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Reporting Small Business Income, Self-Employment, and Side Hustles on Schedule C

Jo Willetts, EA Director, Tax Resources Published On March 02, 2021


Self-employed or own a small business? Read on to see why you must file an IRS Schedule C to report on your income and expenses.

What is Schedule C?

Schedule C is the form used to report income and expenses from self-employment. This can encompass owning a digital or brick-and-mortar small business, freelancing, contracting, and gig work such as ride-share driving.

If you receive a Form 1099-MISC, 1099-NEC, and/or 1099-K, you are likely to have to report it on Schedule C along with other income that is not reported on another tax form. Such payments would include cash received for goods or services. It is important to substantiate both income and expenses when filing Schedule C, such as having bank or credit card statements to back up receipts and any other relevant records.

The net result of Schedule C is then carried to Schedule SE to determine your self-employment tax. One half of what you pay in self-employment tax  can be deducted regardless of whether you itemize deductions or not.

Do I need to have an established LLC or other business entity to file Schedule C?

While it may helpful to separate your business financial activity from your personal finances, you are not required to formalize your business as an LLC or other type of corporate entity. If you earn at least $400 from any source for the year you must file a tax return that includes Schedule C, even if this is your only income for the year. If your income for the year is $400 or more in self-employment income, you must still file a tax return with a Schedule C.  If you have other income and need to file a tax return, you must include all income $1 or more on a Schedule C.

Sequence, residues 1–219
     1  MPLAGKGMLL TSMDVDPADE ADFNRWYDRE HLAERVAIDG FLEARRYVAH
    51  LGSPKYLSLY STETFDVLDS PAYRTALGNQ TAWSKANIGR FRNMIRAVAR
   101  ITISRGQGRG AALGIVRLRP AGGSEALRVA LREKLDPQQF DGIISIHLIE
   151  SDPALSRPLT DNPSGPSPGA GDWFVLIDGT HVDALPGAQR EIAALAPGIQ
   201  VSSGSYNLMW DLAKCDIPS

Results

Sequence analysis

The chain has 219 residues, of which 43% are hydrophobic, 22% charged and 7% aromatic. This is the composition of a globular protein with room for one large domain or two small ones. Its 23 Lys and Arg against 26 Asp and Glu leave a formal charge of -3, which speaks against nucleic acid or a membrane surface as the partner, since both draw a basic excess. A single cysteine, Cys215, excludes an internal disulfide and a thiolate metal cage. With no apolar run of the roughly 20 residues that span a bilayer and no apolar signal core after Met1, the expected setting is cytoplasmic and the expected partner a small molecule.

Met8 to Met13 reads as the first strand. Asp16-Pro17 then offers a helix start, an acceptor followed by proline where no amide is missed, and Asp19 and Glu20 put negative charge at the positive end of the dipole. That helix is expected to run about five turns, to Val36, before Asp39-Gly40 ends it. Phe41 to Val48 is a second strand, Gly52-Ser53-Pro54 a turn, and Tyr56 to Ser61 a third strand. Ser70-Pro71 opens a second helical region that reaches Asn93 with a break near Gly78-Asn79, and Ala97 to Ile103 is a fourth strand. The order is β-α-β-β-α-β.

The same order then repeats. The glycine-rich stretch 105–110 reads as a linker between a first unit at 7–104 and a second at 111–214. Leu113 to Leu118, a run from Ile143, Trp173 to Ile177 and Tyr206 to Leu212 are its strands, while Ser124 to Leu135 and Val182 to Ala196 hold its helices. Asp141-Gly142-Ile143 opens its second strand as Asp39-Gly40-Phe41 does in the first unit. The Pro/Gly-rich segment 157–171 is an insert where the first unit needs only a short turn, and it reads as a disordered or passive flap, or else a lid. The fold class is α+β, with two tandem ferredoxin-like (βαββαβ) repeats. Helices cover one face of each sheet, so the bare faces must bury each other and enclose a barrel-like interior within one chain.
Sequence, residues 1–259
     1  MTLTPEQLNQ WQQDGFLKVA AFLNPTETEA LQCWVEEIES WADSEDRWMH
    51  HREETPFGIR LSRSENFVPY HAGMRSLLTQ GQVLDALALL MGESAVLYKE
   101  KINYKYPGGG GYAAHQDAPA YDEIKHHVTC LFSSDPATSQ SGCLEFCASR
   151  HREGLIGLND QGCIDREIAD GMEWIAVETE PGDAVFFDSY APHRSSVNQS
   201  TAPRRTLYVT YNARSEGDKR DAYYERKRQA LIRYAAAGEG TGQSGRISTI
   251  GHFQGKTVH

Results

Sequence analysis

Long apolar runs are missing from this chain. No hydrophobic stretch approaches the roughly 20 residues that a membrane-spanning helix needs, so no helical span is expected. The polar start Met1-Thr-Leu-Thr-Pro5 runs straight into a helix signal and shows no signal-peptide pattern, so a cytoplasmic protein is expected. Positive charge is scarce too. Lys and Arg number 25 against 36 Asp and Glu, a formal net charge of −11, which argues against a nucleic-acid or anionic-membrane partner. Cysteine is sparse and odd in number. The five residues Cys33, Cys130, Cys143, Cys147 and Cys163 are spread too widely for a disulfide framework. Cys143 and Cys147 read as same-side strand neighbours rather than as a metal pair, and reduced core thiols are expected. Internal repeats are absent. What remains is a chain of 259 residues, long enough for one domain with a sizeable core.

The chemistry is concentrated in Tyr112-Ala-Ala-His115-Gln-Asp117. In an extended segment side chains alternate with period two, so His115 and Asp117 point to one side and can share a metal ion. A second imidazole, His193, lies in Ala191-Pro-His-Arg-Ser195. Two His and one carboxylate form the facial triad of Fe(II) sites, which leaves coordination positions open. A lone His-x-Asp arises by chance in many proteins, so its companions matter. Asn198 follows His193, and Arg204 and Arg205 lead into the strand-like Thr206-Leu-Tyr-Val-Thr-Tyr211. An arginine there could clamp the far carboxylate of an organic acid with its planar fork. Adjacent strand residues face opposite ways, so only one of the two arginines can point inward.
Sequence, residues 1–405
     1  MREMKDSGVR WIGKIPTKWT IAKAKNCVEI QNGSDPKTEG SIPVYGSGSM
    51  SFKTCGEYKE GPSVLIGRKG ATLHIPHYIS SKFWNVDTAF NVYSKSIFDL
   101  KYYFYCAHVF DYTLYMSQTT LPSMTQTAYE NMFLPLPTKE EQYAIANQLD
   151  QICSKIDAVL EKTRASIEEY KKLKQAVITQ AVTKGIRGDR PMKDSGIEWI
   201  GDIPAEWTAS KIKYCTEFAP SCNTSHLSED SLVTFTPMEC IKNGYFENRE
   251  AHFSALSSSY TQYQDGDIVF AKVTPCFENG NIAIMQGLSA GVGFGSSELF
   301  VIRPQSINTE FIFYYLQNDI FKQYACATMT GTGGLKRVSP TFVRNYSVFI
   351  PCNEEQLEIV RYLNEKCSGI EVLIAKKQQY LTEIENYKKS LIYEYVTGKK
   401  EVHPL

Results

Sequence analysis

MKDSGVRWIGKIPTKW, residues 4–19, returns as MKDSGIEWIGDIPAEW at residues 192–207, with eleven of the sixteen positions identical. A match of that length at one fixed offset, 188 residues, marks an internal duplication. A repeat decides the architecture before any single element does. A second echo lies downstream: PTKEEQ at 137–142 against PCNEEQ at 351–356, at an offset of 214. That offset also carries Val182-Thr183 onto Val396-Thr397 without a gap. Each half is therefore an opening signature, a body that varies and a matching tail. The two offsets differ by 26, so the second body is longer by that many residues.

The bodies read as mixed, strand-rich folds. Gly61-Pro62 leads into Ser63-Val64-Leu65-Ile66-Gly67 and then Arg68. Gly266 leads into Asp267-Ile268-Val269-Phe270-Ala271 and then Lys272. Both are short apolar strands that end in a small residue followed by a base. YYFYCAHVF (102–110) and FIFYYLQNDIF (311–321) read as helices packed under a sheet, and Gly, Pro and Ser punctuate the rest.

Do I need to file more than one Schedule C?

If you have more than one trade or business where each activity is significantly different in nature, each one would require their own Schedule C. For example, if you are building a freelance writing career but driving for Uber as you grow your client base, these two activities would have their own Schedule C's.

If your spouse engages in the same line of work as you, they will need to file their own Schedule C if their income and deductions are separate from yours. If both of you operate an unincorporated business together, you may be eligible for qualified joint venture (QJV) treatment and you might be able to split your income and expenses into two Schedules C with your joint tax return.

About the Author

Jo Willetts, Director of Tax Resources at Jackson Hewitt, has more than 25 years of experience in the tax industry. As an Enrolled Agent, Jo has attained the highest level of certification for a tax professional. She began her career at Jackson Hewitt as a Tax Pro, working her way up to General Manager of a franchise store. In her current role, Jo provides expert knowledge company-wide to ensure that tax information distributed through all Jackson Hewitt channels is current and accurate.

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